Reply
  • Farhat September 25, 2011, 2:28 pm

    Supposedly I was told I have control issues by my husband. I don’t feel I do per se. As the post stated, I can relate to the fact that my husband and I are very independent people and I love that about us. We have full trust in one another and don’t question things.
    However, he’s a smoker and I have never smoked in my life. He knew from the beginning that I hated and wished he would quit but on his own will. Lately the smoking has started to anger me. He blames it on me trying to control him. My rebuttal is that he is shortening his life span with me with putting extra factors in the equation.

    Is that controlling??

    Reply
  • Kelli July 10, 2012, 2:19 pm

    My husband will always tell me, No kelli don’t do that or No Kelli don’t put that there. He has a Visa card. I have asked him too many times to count to get another one for me but he always says Why, I give you money when you ask don’t I? he gives me 40.00 a month. We have been together for 22 years. Is this abuse?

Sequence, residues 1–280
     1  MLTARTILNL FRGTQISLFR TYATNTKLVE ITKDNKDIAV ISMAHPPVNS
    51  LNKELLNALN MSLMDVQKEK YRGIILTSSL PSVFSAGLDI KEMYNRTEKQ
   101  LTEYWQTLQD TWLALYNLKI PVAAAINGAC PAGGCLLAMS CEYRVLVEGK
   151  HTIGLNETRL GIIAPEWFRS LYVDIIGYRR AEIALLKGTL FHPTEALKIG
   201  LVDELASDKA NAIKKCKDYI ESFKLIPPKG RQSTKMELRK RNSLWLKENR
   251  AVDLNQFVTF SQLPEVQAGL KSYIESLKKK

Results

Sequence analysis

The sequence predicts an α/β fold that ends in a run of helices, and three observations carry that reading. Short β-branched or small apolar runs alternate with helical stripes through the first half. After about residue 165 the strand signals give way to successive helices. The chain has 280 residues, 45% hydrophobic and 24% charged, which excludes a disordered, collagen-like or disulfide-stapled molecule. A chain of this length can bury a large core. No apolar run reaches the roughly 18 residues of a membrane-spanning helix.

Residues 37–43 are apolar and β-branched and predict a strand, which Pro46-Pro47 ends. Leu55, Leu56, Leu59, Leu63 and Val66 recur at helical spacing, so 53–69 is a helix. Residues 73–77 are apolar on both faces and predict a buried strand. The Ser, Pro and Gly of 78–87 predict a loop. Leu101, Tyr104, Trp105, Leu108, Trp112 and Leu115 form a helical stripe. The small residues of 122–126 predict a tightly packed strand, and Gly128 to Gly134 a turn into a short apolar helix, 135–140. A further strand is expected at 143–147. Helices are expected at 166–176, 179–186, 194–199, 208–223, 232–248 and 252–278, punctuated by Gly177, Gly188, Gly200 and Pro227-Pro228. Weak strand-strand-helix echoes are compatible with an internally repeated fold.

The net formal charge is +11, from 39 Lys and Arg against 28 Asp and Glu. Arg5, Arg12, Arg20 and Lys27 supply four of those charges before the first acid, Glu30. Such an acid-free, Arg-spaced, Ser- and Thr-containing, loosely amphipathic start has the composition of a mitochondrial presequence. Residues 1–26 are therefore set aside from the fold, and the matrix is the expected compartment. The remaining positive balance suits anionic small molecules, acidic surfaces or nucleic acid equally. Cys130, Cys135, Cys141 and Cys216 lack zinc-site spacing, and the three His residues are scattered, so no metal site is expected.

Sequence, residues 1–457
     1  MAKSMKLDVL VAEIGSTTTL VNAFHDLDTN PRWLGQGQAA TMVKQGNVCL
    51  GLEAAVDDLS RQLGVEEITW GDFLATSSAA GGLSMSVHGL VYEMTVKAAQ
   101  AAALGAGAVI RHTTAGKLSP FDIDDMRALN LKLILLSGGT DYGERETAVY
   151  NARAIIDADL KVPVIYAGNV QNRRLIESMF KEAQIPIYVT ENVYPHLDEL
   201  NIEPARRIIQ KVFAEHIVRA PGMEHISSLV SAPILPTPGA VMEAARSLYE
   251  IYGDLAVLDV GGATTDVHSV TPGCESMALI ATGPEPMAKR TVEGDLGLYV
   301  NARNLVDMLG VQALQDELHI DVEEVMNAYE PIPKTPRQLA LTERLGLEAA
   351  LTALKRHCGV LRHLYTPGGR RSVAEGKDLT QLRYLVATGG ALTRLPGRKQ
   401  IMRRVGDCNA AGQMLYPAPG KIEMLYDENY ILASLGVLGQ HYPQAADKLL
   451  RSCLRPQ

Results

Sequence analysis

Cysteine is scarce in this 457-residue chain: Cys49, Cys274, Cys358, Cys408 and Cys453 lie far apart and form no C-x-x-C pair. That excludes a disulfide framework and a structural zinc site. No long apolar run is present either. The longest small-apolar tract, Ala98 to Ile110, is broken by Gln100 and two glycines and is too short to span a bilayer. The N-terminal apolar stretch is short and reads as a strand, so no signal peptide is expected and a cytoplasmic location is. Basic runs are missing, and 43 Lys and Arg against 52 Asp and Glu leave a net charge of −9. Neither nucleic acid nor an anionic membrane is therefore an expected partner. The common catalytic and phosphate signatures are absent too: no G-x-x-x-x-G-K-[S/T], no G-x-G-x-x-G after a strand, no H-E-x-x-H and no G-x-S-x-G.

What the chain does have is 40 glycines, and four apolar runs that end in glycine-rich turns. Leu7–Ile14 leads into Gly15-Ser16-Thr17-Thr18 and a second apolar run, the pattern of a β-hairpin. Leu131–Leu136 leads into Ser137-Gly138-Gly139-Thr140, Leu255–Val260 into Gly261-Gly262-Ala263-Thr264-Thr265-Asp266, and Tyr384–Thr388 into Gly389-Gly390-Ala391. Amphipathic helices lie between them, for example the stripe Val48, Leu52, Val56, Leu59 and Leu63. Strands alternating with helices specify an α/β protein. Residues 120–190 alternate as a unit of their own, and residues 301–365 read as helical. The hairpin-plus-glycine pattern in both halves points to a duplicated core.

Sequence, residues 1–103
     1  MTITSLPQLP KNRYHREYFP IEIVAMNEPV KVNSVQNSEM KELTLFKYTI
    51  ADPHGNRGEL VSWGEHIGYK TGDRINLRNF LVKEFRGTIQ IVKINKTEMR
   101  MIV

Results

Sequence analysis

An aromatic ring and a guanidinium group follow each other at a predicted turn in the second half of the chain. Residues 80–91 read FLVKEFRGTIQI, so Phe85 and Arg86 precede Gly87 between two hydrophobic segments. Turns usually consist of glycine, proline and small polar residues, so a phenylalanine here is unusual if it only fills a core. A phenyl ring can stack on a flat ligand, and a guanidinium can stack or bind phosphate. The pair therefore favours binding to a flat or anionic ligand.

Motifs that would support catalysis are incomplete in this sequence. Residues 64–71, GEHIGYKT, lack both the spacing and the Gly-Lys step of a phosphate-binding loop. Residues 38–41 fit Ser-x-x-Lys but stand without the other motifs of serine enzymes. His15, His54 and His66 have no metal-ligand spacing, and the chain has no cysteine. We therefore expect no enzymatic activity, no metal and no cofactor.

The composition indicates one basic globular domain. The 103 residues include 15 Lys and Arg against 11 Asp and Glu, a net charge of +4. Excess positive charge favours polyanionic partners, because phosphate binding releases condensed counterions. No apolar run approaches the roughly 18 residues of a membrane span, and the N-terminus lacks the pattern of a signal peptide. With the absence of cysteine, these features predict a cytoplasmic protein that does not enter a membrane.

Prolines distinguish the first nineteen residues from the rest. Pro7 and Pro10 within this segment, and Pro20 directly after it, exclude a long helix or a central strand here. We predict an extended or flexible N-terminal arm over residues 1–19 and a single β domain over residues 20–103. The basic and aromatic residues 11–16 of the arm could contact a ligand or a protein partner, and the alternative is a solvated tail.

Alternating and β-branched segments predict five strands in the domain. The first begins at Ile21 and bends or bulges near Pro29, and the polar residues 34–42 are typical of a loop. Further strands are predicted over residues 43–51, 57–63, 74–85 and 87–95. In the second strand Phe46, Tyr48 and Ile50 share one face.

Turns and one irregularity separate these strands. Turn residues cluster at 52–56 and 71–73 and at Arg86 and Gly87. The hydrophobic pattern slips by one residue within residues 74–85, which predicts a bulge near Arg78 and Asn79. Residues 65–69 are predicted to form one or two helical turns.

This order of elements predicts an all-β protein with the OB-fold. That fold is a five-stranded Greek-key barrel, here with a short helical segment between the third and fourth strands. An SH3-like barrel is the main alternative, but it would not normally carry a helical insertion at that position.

Reply
  • Susan Allen October 3, 2014, 11:31 am

    I believe that your intentions are good, but it was with deep sadness that I saw that even you, with such good intentions, should exhibit such prejudice and intolerance to what is often a psychological issue and challenge, simply because its consequence is unpleasant. There are people who have valid dominance issues and are valid loving human beings who have never physically struck anyone and who are fighting for their sanity in an attempt to overcome dominance issues. And all the advice you can offer is “Run!”? I was searching the internet to get a handle on how to deal with a precious, wonderful loved one who is going to need therapy and there it is–if I take your advice, I just abandon this soul and run…?

    Reply
  • sunny December 2, 2014, 12:20 am

    OK I am. Control freak. Former abuse and terrible childhood. But my husband is a passive, procrastinator, but very loving. The issue is me….so much loss, but how do you go from being a loving helpful wife and mother to a control FREAK! The issue is not that I want control, I ask nicely for my spouse to fix the toilet he remains on the computer ignoring me, the I remind him that company will be here and it needs fixed, he ignores me so then I raise my pitch and say can you please get off the computer and spend time with your family, he gets mad slams the keyboard drawer in and then the fight is on…………..is it me? Or him?

    Reply